If you live and breathe Microsoft Office and/or Outlook and OneNote (and Publisher even) when it comes to correspondence, notes, presentations, biographies, etc., for your genealogy work, and you are a Windows user (or Mac with the appropriate Windows virtualization software) and interested in where Office is going, Microsoft has made the Office 2007 Beta 2 available for public users.
You can get it (and the free license keys) here: www.microsoft.com/office/preview/beta/getthebeta.mspx
It’s got a radical new interface, and quite a few other things have changed. It runs okay if you are using it under a Mac setup with Parallels Desktop for Mac.
It expires on February 1st, 2007. Keep in mind, it’s highly recommended you don’t use this for “production” work, i.e., don’t install over your old Office, and don’t load and save documents you have created with older versions of Office without first backing all of them up. That said, it’s interesting to see where they are going with this – obviously they are going after more online-collaboration and business, but still, it’s interesting to look at it. Personally, it doesn’t offer me anything that I absolutely need – I’ve been using other word processors for my normal word processing, and for publishing newsletters, etc., I’ve been using Apple’s Pages, but I do like to check things out.
If you don’t want to go through with downloading it or ordering it by mail, you can read eWeek’s review of it.
I haven’t been paying attention – one of my favorite genealogy applications, Clooz, has left it’s 2.0 beta testing and has now been formally released. The author refers to it as an “electronic filing cabinet ” for genealogy documents and files, and that’s pretty much an apt description.
The 2.0 series had a complete rewrite – in “.Net”, meaning it requires Windows XP unfortunately. Among the significant updates – new templates, census substitutions (for those times you can’t find somebody in the census, this is a good way to document where they were around then), and map tracking/information/storage, and most importantly, GEDCOM importing.
One thing I thought was pretty cool, they’ve added what is basically a building history area to track buildings and land that were important to your ancestors – I’ve mentioned before that people are starting to get into doing research on places and structures.
Yesterday saw the release of Apple’s MacBook. I have one in my hands (and am in fact typing this from it). I got one of the last half dozen in the store, I believe.
This is sort of a review. I know, you are thinking what does this have to do with genealogy, but this is going to be my genealogy platform of choice for the next few (hopfeully several) years, and I’ll explain why in a moment (if you are interested in Macs, but have some Windows-only applications, read on, you’re in luck).
First, to get the technical stuff out of the way. It’s one of the cheapest (if not cheapest) Intel Core Duo notebooks with a 13.3-inch widescreen that you can find – starts at around $1099. I’m talking Dell, HP, Lenovo, Toshiba, etc. Having an Intel Core Duo is basically the equivalent of having two processors/CPUs in the machine. The screen is wonderful – I’ve always liked widescreen displays because I tend to have a lot of stuff open at the same time, or what I’m doing would benefit from a widescreen in some manner, and on a laptop, having a widescreen is a spacesaver – it’s a little wider than a normal 12-inch display, but it’s not quite as deep. For my eyes, the 13.3 is about as small as I want to go for the time being.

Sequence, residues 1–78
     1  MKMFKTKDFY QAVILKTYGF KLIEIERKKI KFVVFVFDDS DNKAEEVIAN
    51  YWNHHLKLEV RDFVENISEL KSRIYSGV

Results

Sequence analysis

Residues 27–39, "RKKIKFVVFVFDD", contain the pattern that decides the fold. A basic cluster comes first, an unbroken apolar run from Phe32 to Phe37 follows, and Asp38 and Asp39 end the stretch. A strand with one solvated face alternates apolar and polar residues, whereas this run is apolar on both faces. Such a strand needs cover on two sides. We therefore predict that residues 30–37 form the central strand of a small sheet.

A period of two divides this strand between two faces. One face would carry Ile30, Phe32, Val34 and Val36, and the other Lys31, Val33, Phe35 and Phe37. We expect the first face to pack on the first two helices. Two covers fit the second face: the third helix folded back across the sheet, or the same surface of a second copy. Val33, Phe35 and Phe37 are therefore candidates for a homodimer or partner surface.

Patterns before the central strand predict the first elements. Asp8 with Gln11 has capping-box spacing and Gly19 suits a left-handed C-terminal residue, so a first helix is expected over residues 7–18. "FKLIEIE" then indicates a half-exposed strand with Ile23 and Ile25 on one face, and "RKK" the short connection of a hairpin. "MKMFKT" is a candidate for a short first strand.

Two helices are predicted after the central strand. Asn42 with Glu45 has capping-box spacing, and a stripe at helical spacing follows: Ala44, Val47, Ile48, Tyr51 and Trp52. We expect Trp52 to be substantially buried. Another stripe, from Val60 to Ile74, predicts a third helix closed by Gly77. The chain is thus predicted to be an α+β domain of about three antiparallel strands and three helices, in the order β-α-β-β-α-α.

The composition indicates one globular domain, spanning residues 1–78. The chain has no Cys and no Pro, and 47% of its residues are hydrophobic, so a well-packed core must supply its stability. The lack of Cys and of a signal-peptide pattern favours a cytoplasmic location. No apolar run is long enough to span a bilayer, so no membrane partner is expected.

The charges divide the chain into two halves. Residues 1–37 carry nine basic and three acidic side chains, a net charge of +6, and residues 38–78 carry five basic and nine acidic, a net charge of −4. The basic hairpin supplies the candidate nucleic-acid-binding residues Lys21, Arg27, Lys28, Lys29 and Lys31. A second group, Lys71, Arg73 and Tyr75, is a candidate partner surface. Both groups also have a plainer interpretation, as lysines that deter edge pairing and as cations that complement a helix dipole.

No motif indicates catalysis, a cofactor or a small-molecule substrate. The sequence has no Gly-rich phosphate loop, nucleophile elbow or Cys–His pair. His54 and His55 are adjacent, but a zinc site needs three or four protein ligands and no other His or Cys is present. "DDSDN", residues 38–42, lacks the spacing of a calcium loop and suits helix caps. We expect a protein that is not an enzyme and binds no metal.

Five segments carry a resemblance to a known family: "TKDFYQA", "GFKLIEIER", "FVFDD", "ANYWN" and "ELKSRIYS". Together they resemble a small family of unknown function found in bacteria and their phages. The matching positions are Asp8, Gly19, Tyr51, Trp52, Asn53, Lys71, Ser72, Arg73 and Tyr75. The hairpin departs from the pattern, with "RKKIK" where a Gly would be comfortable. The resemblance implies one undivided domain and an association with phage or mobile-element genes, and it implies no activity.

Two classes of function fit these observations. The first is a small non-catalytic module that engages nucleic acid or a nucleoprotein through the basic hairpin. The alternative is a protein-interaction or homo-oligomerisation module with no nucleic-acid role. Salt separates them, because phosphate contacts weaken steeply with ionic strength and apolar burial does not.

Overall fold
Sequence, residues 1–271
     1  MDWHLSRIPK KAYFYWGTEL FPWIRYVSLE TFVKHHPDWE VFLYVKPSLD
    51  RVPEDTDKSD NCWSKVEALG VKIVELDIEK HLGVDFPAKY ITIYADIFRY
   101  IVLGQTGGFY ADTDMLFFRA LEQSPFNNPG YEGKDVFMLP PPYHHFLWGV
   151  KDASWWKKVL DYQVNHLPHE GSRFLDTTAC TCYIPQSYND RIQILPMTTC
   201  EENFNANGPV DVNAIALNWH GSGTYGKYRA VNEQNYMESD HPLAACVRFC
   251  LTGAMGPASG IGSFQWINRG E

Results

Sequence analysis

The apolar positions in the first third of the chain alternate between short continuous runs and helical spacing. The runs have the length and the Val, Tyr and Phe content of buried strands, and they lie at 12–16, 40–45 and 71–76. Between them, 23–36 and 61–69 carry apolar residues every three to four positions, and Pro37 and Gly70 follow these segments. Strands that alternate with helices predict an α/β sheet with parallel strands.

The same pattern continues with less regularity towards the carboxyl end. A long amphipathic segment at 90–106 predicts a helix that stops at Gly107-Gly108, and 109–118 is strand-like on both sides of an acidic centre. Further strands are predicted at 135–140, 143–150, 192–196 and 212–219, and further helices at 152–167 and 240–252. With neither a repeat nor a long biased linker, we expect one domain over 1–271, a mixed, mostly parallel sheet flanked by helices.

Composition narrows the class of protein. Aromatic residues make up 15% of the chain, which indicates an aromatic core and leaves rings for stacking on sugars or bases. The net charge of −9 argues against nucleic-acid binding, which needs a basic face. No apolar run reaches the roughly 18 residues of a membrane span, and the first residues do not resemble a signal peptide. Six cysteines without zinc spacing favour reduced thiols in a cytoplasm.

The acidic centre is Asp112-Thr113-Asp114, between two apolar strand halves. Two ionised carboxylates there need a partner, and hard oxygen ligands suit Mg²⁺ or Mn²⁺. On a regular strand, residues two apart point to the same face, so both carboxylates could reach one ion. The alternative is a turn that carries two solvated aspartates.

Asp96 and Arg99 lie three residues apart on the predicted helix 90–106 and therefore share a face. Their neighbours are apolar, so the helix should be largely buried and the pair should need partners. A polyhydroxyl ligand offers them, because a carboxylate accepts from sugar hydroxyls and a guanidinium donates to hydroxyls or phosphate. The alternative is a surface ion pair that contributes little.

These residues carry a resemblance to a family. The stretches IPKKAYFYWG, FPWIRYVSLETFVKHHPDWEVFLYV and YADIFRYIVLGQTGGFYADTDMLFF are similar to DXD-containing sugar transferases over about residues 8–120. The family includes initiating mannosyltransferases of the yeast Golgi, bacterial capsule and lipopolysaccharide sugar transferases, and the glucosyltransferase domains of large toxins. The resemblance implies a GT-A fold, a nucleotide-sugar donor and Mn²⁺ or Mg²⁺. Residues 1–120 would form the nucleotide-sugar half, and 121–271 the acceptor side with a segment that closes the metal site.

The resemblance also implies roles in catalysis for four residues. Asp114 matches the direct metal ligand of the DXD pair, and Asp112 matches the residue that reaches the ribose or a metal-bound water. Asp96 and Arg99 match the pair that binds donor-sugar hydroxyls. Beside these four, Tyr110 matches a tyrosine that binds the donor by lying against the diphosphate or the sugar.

Now then, if you are like me and are holding onto a few Windows applications – especially those related to genealogy – those of you who have been reading RandomGenealogy for a while know I’m cranky when it comes to genealogy applications – namely that I can’t do without applications like GenSmarts and Clooz, then you are in luck.
Yesterday I mentioned Google Notebook – looks like it’s available (if you have a Gmail account).
You can access it at www.google.com/notebook.
Features (From Google’s Site):
* Clip useful information. You can add clippings of text, images and links from web pages to your Google Notebook without ever leaving your browser window.
* Organize your notes. You can create multiple notebooks, divide them into sections, and drag-and-drop your notes to stay organized.
* Get access from anywhere. You can access your Google Notebooks from any computer by using your Google Accounts login.
* Publish your notebook. You can share your Google Notebook with the world by making it public.
ArsTechnica has a good rundown of the capabilities.
For those of you who use Yahoo! Notepad to store genealogy information online or when traveling, Google announced last week something similar, although with a few more features. It’s called Google Notebook, and CNet explained that it can do quite a bit more – including grabbing text and pictures, as well as going full screen, with drag and drop item placement/organization, as well as emailng the information to others. It does require a Google account and will be available sometime this week through Google Labs.
Excerpt from the article:
Mayer also led a demonstration of Google Notebook, which she said will be available on Google Labs next week. Notebook is designed to let people click a “note this” link in the last line of a particular search result and save the result information to a virtual notebook in a pop-up window.
People can also grab text and pictures from Web sites and paste them into Google Notebook, as well as make the notebook full-screen size, drag and drop items to reorganize them, and e-mail the notebook to others. The program requires a plug-in and a Google account.